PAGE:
New advancements in consumer Financial Technology

By: Gadjo Sevilla

July 20, 2016

 

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By Gadjo Cardenas Sevilla

Financial Technology or FinTech is receiving a renaissance thanks to the availability of new apps and systems that make paying as easy as using a smartphone. Here are the latest trends.

Financial technology or FinTech may not be as sexy other innovations, but it is an area that affects people’s lives in various capacities.

Mobile Payments

The entrance of Apple Pay into Canada and other countries gives consumers (or at least iPhone wielding users) a secure, quick and easy way to make payments as well as track these right on their mobile device.

Mobile payments are the most dramatic example of how technology is leapfrogging older forms of banking instruments and proves that new thinking in various financial solutions can benefit everyone involved without too much of a transitional headache.

Apple Pay uses existing credit cards, debit cards and loyalty card information and turns these into virtual cards that can be accessed at any time through a compatible iPhone or Apple Watch. More importantly, Apple Pay uses in-phone security to enable quick and accurate verification using either a password or the TouchID fingerprint sensor in order to validate identity and the payment.

Unlike traditional plastic credit or debit cards, which can be skimmed or grabbed by criminals and hackers, the security tied into the iPhone runs on a secure enclave. Canadians have enjoyed tap-to-pay solutions for a while now and Apple Pay is a natural extension of this familiar payment solution. What we need is some more competition in the market since customers running Android or other mobile operating systems don’t seem to have a viable answer to what Apple customers are enjoying.

Crowdfunding

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 A popular way to raise capital for an idea, product or project, crowdfunding uses websites like Indiegogo and Kickstarter to get money pledges towards the completion of a product. This helps generate interest in the project, allows anyone to back the project and be part of it as well as ensures that, in the case of a product, backers are rewarded with the first units to roll of the production line.

While crowdfunding has been successful way to go for companies like smartwatch maker Pebble, camera gear designers Peak Design and many other rock stars of kickstarter, there are also a lot of busts, or product or concepts where the organizers took the money and failed to deliver.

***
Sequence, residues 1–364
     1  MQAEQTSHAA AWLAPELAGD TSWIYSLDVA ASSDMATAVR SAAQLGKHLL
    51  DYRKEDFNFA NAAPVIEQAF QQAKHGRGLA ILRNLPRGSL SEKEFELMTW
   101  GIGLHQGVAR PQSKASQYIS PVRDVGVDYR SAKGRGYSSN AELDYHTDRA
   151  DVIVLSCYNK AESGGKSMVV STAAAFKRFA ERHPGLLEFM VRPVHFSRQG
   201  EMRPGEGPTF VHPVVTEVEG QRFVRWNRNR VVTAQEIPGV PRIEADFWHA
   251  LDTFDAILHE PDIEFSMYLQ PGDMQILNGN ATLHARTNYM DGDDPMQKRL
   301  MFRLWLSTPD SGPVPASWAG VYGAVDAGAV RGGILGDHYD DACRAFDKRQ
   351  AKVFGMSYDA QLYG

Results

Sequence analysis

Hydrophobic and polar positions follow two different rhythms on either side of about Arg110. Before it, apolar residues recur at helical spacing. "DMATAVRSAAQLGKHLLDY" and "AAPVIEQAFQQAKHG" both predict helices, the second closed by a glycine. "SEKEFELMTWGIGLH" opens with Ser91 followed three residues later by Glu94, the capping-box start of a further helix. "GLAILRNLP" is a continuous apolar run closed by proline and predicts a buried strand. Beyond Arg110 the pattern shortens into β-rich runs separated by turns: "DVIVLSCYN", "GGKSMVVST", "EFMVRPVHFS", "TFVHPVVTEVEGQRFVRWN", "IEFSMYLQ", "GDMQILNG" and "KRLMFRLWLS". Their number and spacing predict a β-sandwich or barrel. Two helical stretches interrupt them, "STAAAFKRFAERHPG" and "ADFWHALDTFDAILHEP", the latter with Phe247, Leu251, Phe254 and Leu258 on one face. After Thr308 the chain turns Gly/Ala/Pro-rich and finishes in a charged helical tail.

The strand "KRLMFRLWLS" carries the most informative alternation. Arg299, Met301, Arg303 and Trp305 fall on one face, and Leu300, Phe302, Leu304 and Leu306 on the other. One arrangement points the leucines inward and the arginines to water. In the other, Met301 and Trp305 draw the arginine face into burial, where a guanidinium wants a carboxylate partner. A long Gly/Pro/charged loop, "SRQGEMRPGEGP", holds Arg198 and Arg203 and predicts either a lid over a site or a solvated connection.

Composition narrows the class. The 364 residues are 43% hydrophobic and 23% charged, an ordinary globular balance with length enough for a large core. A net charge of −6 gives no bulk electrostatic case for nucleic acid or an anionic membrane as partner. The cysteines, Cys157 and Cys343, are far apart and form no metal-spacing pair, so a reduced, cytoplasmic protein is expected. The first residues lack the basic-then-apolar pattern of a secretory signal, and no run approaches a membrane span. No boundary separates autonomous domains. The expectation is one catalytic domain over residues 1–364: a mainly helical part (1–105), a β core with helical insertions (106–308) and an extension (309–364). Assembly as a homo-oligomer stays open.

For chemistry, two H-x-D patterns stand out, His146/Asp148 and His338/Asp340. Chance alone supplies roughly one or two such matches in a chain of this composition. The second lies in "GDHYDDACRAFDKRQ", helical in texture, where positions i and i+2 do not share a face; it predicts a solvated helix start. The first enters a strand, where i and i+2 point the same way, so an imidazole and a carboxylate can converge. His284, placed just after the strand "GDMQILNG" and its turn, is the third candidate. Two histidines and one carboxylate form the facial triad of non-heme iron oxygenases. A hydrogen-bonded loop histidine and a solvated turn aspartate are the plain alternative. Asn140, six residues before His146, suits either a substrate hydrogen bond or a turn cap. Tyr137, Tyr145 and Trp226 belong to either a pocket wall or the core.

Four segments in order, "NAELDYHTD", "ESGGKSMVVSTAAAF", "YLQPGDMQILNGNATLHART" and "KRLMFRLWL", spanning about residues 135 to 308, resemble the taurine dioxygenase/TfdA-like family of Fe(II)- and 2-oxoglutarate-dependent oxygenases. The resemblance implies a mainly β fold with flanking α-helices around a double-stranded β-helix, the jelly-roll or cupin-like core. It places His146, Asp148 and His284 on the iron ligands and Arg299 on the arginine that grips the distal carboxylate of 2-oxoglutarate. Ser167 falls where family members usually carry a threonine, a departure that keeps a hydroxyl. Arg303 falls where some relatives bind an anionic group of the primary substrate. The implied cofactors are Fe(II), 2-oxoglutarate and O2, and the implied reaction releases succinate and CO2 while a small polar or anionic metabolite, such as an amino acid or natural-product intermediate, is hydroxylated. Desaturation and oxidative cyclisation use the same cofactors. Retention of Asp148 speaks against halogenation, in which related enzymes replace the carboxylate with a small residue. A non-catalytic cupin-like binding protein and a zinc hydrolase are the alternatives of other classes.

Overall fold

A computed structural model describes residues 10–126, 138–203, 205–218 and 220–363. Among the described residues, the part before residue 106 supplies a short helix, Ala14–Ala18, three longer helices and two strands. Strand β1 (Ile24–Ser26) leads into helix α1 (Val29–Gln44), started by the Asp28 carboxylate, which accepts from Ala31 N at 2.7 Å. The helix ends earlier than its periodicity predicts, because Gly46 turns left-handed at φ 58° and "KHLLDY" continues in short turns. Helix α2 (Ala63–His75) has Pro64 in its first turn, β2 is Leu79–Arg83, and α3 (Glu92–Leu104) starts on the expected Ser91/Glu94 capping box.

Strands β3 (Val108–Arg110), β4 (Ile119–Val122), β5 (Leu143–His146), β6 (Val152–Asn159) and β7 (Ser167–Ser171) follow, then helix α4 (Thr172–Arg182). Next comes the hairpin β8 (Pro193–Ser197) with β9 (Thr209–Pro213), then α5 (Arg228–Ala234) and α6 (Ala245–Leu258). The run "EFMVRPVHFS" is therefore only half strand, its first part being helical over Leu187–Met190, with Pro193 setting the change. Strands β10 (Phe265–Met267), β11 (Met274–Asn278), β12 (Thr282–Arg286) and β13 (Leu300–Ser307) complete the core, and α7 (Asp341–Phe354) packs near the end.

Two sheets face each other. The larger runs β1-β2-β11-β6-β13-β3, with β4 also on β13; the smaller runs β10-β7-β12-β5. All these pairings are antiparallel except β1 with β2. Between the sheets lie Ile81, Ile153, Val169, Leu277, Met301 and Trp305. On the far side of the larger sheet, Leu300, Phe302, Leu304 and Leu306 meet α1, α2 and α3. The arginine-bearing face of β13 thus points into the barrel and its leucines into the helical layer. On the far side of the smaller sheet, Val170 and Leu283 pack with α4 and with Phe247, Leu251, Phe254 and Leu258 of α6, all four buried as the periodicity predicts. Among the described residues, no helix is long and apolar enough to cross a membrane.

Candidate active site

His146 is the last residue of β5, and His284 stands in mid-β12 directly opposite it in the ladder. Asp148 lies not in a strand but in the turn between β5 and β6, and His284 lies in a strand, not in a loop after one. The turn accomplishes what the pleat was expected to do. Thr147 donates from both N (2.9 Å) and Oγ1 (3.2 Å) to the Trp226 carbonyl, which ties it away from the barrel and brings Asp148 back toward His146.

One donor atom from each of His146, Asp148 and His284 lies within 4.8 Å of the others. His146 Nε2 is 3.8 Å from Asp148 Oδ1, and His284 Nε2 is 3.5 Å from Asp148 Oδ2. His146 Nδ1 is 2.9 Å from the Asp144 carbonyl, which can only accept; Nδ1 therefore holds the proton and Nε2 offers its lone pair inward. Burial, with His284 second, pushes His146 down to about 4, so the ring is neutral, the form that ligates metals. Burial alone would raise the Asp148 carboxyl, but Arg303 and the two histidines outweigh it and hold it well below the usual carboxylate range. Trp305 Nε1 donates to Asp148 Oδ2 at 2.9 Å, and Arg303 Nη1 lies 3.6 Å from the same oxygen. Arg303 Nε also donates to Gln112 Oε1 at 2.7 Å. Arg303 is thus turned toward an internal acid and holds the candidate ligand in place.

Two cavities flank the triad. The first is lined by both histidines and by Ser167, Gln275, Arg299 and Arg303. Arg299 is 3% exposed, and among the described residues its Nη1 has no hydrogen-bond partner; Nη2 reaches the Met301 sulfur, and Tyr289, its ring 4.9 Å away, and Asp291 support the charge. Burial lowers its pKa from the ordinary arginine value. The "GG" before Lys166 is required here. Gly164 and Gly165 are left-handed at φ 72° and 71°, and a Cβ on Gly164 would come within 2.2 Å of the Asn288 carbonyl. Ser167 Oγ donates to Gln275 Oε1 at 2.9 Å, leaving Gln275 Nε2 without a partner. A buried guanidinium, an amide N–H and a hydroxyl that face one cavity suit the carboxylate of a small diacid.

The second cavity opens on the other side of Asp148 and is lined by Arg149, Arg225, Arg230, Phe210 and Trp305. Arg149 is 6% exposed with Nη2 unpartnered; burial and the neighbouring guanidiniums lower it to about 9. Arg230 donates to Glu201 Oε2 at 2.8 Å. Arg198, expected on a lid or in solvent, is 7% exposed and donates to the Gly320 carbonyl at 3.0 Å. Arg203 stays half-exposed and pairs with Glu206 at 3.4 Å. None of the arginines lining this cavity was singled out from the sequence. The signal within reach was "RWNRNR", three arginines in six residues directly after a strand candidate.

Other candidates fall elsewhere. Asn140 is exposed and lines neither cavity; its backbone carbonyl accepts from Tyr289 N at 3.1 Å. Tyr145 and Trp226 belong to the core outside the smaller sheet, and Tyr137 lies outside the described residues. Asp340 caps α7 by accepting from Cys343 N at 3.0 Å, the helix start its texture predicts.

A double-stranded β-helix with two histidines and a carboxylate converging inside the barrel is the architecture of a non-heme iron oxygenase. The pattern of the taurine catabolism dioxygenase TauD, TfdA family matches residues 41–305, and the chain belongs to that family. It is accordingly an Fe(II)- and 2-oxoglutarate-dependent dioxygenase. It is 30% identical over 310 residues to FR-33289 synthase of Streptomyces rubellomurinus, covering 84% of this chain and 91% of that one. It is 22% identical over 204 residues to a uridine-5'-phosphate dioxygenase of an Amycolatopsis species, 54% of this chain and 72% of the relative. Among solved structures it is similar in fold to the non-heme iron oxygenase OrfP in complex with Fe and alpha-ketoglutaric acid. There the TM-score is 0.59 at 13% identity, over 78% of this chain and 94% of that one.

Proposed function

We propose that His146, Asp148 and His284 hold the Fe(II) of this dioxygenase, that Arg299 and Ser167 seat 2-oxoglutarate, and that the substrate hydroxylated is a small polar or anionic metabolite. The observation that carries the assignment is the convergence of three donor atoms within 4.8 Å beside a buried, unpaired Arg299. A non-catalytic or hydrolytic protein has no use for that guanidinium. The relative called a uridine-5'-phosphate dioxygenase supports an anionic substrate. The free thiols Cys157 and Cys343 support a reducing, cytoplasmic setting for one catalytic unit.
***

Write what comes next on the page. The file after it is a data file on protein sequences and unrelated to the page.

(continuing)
Crowdfunding isn’t limited to technology projects. There have been full-length films (Veronica Mars, Miles Ahead), that gained popularity and momentum by raising money through crowdfunding. Kickstarter and Indiegogo also run the gamut of creative projects from picture books to music albums to interesting art installations. The best advice for backers is for them to understand most of these projects are a gamble and that their contributions may never be rewarded.

Peer to Peer payments 

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Thanks to the innovation of companies like PayPal and Square, it is now easier than ever to pay friends and colleagues using apps and online technology. There are apps and services that allow you to easily share cost of a cab or an Uber, divide cost of a meal and drinks as well as borrow and pay back cash from your buddies all through your smartphone.

Peer to peer payments are even making it possible to transfer money across countries and continents without hidden fees. We recently profiled TransferWise  a company founded by the inventors of Skype and backed by savvy billionaire Sir Richard Branson, brings transparency and efficiency to the process of transferring currency between countries. The service, which launched in Canada in April, can be accessed via the company website at TransferWise.

We learned that there  are 6 million Canadian residents living in Canada that were born outside, plus 3 million Canadians who live abroad. With roots elsewhere and an expanding global economy money transfers are a huge business opportunity.

“We are the only company in the world that has no hidden fess and no markup,” explains Michael Goodbody, communications head for TransferWise. “As a result, out service in the UK and US is 8 times cheaper than using a bank. in Canada, we are 5 times cheaper.”

These are just some examples of FinTech developments that are challenging the status quo as well as bringing many convoluted transactions down to earth for consumers.

Whats your tech? What areas of financial technology are you interested in using?

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